Réalta: How travel helps this trad band’s creative juices

The band’s upcoming Irish gigs should be something special

The essential Réalta sound which is firmly rooted in tradition
The Réalta sound is firmly rooted in tradition

Getting an interview with a singer or band who travel a lot is a bit like Whac-A-Mole, opportunities arrive and disappear until KerPlunk (if that’s not a mixed metaphor) the stars suddenly align.

That’s the way it was with Deirdre Galway and Conor Lamb from trad band Réalta. Not only do the duo travel the oceans with Joanie Madden’s Folk and Irish cruises around the Caribbean, but they also tour extensively and are on the eve of an Irish tour which kicks off tonight in Leitrim.

The full Réalta line-up also includes Dermot Moynagh, Dermot Mulholland and Loïc Bléjean. I managed to catch up with Deirdre and Conor between their sound check and them getting a bite to eat somewhere in Germany, and took the opportunity to talk about the band’s latest album, Thing of the Earth, as well as a new band member and the special guests who add to rather than change the essential Réalta sound which is firmly rooted in tradition, as Deirdre explains.

“We’re all quite mindful of being kind of keepers of the tradition and being respectful to the source material. But we’re also quite happy to try and put our own interpretation on it as well,” she says.

“We like to create layers and textures and have fun with the rhythms within the melodies as well.

“As a guitarist working with Dermot Moynagh on drums, I have a lot of fun, kind of bouncing off rhythmic ideas with him kind of weaving in and out of the melody, but also we do that with harmony as well. So as well as just playing the tunes, we try to create texture and different levels of sound and feeling within the music,” she says.

That’s true of the well-known tunes on the album as well as the newly-composed material.

Travel helps the band’s creative juices so the jig on the album, The Red Rock, came from a visit to the Garden of the Gods, a beautiful National Park in Colorado
Travel helps Realta's creative juices and the jig The Red Rock came from a visit to the Garden of the Gods park in Colorado

“We enjoy taking the classics and having a go at them,” laughs Deirdre. “But we enjoy playing new stuff as well. So this new album has a set of slip jigs from Patrick Davy but for the first time, we’ve actually included some of our own compositions. That’s kind of a first for us recording-wise life, to be able to put some of our own material on it. There’s a jig from myself and our guest singer, Myles McCormack, we recorded one of his original songs was well,”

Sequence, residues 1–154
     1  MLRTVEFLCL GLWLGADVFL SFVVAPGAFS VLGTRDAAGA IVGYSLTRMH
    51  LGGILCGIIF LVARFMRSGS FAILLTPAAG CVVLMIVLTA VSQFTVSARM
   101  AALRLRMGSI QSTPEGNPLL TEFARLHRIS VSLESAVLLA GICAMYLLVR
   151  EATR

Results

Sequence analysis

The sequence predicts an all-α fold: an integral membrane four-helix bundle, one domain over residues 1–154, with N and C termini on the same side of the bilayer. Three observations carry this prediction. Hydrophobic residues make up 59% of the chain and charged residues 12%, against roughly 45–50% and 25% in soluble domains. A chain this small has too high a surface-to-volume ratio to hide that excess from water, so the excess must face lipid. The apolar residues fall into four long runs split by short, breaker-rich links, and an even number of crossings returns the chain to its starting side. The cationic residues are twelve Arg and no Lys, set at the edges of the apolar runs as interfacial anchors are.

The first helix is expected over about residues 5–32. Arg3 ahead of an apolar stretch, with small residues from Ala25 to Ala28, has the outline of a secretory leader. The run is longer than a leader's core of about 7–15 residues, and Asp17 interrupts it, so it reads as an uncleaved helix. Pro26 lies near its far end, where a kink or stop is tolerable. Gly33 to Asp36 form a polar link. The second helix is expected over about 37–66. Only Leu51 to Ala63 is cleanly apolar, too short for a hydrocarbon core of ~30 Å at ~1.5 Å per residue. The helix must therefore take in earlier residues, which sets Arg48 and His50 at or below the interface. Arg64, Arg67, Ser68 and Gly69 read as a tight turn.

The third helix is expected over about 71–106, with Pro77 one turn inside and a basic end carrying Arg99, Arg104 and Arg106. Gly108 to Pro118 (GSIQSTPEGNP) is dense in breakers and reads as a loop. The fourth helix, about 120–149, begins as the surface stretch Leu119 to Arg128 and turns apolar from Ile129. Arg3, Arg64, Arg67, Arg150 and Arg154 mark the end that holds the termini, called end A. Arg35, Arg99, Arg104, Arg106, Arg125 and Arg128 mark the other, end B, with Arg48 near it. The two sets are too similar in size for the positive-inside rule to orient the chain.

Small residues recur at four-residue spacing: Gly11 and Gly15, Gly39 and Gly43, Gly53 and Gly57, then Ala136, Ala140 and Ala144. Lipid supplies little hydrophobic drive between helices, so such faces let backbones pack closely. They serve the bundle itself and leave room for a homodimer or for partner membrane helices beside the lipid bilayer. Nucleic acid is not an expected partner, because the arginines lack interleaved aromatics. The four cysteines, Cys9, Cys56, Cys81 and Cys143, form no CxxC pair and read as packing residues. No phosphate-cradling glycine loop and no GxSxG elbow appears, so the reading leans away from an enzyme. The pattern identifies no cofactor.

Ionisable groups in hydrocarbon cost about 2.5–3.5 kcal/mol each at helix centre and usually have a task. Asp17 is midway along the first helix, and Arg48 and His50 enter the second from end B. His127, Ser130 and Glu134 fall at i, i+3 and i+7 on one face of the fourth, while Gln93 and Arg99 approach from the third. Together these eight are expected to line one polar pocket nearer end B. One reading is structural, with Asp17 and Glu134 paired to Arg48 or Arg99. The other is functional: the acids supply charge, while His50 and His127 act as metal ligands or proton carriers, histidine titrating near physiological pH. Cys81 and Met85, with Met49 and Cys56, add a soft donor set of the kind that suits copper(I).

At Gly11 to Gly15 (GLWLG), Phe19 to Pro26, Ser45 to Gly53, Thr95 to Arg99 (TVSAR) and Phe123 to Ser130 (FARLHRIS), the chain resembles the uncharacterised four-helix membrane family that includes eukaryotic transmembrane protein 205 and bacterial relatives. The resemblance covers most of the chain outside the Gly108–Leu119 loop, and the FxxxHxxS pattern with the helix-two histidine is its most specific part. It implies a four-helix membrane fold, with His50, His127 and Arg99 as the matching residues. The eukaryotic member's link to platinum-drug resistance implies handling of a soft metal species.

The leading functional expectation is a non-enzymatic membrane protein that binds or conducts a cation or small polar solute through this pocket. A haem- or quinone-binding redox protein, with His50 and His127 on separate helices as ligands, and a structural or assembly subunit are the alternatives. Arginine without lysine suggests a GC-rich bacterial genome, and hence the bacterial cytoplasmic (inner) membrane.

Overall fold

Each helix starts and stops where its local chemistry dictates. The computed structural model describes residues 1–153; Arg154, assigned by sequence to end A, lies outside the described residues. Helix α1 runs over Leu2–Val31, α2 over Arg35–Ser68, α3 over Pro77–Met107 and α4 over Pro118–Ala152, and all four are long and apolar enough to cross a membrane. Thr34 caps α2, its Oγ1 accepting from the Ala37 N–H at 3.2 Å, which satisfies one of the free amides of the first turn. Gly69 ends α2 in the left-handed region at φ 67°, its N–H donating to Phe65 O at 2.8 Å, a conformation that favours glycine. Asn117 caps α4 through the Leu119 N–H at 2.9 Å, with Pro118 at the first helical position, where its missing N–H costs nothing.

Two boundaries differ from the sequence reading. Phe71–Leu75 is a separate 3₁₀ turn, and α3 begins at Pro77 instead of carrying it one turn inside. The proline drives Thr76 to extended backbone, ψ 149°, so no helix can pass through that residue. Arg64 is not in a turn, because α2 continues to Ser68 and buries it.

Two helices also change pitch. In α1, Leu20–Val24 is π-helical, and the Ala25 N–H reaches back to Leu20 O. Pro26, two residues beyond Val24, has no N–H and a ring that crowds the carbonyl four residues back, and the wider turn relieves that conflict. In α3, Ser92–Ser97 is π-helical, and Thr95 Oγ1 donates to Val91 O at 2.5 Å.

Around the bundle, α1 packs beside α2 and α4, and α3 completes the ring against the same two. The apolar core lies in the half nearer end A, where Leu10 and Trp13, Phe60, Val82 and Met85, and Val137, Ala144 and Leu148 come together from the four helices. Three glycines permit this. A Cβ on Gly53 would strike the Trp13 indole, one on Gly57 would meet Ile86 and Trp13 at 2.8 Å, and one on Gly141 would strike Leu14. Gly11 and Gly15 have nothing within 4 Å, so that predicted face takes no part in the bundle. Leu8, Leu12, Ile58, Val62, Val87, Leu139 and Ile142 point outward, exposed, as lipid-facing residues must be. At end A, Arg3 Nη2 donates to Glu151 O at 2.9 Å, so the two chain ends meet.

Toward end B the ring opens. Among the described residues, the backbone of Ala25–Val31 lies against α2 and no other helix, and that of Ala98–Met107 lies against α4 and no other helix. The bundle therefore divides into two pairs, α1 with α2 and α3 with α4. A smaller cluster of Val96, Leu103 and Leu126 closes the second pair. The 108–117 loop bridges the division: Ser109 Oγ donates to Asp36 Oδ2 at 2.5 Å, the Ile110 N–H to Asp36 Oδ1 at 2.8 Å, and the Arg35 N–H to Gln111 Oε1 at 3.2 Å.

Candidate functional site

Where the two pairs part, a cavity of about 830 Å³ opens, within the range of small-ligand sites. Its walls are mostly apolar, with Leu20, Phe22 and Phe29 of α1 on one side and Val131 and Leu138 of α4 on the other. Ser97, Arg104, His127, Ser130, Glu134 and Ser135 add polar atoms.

Unsurprisingly, travel helps the band’s creative juices so the jig on the album, The Red Rock, came from a visit to the Garden of the Gods, a beautiful National Park in Colorado.

“We were on tour in the States, just as Covid was sweeping across the planet. Towards the end of the tour, the last couple of gigs were cancelled. So we were in a remote area of Colorado, sitting still for a couple of days until our flight. We took a hike in the beautiful sandstone and just that feeling of being in that landscape and all the uncertainty that when you were going on in the world, that’s where that came from,” Deirdre explains.

The video that accompanies the first track on the album, Skidoo, features our intrepid musicians on snowmobiles on a day off in New Hampshire.

“We’ve been pretty lucky having days off in really cool places,” says Deirdre.

New band member, piper Loïc Bléjean, had been around the world too but has found a new home in Réalta.

The Breton will definitely add a fresh sound as his style of piping is different to Conor’s.

“Loïc had a kind of groovy style because he listens to a lot of funk music. It’s a sort of wailing Spillane-esque type of playing.

“When we were making arrangements for the new album, there were times when he just decided to let Loïc loose and let him do his own thing,” laughs Conor.

It was while playing in Spain that Réalta got the chance to play with singing legend Kathy Jordan of Dervish.

“Yeah, that was that was really fortunate. We were playing at a festival in Spain, a beautiful walled city called Cáceres who have a brilliant festival there in the autumn time.

“We’re playing and also, The Unwanted, which features Kathy, Seamie O’Dowd and Rick Epping,” explains Deirdre.

“A guy we know called Peter Curran has been working with Kathy on a project called Crankie Island songs.

“A crankie is like a scroll of paper on which illustrations are done and as it is unwound, it tells a story.

“Kathy and Peter are featuring a song for every county in Ireland on crankies and we had wanted him to to one for The Wind That Shakes the Barley. He suggested Kathy could sing the song and of course, we jumped at the idea,” says Deirdre.

The result is a beautiful rendition of the song which is set during the 1798 rising.

Also adding his bit of magic to the mix is Myles McCormack, a prolific singer and songwriter and founding member of Lonesome George, whose song, Thing of the Earth, has given the album its name.

With the album out since last October, it’s now time for some gigs at home and the band are looking forward to it.

Réalta, Thing Of The Earth album cover
Thing Of The Earth is Réalta's latest album

“Aw, we’re delighted to be doing some Irish gigs this month and Myles will be with us so they should be something special,” says Deirdre.

March 15: The Dock, Carrick-on-Shannon
March 16: Flowerfield Arts Centre. Portstewart
March 17: Portico Arts & Heritage Centre, Portaferry
Mar 22: The Séamus Ennis Arts Centre & Café, Naul
Mar 23: Dún Uladh Cultural Heritage Centre, Omagh